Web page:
Data from: Sex chromosome turnovers and genetic drift: a simulation study
Saunders, Paul A; Neuenschwander, Samuel; Perrin, Nicolas (2018), Data from: Sex chromosome turnovers and genetic drift: a simulation study, Dryad, Dataset, https://doi.org/10.5061/dryad.62sm982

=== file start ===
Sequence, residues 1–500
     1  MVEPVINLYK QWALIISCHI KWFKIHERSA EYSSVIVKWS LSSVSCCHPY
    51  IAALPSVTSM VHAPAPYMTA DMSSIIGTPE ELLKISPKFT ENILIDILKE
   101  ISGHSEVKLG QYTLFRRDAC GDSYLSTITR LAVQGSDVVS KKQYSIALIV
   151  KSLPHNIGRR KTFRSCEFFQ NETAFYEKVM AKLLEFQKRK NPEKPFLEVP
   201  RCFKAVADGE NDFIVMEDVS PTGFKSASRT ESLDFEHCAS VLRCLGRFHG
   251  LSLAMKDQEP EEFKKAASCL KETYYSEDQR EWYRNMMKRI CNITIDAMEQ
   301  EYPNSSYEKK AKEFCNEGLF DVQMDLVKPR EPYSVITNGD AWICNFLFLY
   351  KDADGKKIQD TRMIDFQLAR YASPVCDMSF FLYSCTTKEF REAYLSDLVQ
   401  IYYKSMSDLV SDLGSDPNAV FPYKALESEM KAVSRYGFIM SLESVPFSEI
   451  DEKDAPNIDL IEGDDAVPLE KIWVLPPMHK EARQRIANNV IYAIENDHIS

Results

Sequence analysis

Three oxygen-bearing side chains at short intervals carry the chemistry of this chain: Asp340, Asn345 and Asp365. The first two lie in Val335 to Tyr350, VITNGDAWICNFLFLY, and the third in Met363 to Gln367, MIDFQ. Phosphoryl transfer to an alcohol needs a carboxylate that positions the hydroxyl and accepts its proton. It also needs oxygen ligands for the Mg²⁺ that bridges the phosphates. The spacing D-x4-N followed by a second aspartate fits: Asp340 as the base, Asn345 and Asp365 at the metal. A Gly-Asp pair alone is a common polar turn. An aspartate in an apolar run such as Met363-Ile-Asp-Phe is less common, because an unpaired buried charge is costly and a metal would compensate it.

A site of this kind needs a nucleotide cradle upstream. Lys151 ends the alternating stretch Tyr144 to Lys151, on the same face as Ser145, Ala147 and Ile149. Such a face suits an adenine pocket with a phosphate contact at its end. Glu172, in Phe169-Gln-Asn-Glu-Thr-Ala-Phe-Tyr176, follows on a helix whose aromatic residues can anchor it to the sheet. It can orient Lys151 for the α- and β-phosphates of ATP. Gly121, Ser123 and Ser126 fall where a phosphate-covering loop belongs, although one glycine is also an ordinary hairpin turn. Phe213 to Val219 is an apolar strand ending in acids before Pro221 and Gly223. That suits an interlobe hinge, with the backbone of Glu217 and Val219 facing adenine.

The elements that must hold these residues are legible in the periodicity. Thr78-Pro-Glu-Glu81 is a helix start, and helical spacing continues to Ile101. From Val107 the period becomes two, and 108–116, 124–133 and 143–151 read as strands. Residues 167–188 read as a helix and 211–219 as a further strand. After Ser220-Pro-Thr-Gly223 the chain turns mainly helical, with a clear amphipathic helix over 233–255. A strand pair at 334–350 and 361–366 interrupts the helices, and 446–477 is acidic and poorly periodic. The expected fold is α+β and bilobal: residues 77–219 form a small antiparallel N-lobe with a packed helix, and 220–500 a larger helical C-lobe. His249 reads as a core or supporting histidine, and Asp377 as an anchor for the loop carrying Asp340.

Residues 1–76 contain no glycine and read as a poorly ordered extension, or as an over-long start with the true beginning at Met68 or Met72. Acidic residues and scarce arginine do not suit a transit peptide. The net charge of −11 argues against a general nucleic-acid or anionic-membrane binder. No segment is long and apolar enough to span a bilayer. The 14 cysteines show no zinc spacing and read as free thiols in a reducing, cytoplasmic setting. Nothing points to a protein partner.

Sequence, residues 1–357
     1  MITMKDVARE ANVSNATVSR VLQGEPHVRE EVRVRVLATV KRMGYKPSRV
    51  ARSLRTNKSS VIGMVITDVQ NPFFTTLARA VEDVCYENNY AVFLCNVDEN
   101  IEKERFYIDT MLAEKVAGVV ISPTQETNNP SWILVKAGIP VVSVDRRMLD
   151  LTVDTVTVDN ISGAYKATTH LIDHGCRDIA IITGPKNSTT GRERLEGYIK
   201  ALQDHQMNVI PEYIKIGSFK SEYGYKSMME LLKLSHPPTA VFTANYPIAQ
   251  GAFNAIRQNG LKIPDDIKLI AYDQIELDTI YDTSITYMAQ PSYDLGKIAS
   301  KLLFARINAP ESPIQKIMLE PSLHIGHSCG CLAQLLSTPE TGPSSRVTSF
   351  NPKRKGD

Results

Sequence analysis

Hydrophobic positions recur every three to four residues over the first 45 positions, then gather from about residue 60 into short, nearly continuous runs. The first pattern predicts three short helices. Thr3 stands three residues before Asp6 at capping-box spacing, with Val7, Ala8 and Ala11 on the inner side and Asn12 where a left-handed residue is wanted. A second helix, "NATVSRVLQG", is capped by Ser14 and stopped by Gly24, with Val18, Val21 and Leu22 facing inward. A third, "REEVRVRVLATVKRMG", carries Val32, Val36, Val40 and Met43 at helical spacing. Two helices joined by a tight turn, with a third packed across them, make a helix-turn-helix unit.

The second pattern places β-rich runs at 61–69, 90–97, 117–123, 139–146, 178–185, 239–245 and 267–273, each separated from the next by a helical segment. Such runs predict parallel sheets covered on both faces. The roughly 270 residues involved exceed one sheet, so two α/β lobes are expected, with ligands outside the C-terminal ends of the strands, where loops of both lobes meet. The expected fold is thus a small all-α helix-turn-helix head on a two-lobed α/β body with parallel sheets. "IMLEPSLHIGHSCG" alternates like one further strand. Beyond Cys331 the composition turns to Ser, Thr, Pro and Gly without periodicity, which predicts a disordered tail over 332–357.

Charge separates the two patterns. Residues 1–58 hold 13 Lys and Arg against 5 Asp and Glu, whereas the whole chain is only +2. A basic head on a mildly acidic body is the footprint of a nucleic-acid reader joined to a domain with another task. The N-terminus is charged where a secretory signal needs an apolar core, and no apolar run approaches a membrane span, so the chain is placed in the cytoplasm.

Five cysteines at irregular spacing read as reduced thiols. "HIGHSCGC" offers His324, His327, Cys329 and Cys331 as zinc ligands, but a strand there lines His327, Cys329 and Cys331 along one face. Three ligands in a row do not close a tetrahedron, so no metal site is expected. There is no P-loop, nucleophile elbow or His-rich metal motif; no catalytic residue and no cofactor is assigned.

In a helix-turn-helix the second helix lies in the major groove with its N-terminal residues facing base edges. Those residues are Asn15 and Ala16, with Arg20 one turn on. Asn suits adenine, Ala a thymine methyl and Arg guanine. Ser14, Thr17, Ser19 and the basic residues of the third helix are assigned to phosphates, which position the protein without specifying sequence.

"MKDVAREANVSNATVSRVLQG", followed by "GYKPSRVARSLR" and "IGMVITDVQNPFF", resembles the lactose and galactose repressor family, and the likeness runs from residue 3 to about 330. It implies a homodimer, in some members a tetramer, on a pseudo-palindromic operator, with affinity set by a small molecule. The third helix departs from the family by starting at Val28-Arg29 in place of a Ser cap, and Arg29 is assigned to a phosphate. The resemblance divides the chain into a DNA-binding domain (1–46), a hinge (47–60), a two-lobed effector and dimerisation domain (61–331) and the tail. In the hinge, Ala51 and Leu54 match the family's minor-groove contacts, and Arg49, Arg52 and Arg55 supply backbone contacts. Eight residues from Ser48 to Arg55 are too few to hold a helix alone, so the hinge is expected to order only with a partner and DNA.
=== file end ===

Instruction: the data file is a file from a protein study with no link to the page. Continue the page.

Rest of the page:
The recent advances of new genomic technologies has enabled to identify and characterize sex chromosomes in an increasing number of non-model species, revealing that many plants and animals undergo frequent sex chromosome turnovers. What evolutionary forces drive these turnovers remains poorly understood, but it was recently proposed that drift might play a more important role than generally assumed. We analyzed the dynamics of different types of turnovers using individual-based simulations, and show that when mediated by genetic drift, turnovers are usually easier to achieve than substitutions at neutral markers, but that their dynamics and relative likelihoods vary with the type of the resident and emergent sex chromosome system (XY and/or ZW), and the dominance relationships among the sex-determining factors. Focusing on turnovers driven by epistatically dominant mutations, we find that drift-mediated turnovers that preserve the heterogamety pattern are 2-4x more likely than those along which the heterogametic sex changes. This ratio nevertheless decreases along with effective population size, and can even reverse in case of extreme polygyny. This can be attributed to a “drift-induced” selective force, known to influence transitions between male and female heterogamety, but which according to our study, does not affect turnovers that preserve the heterogametic sex.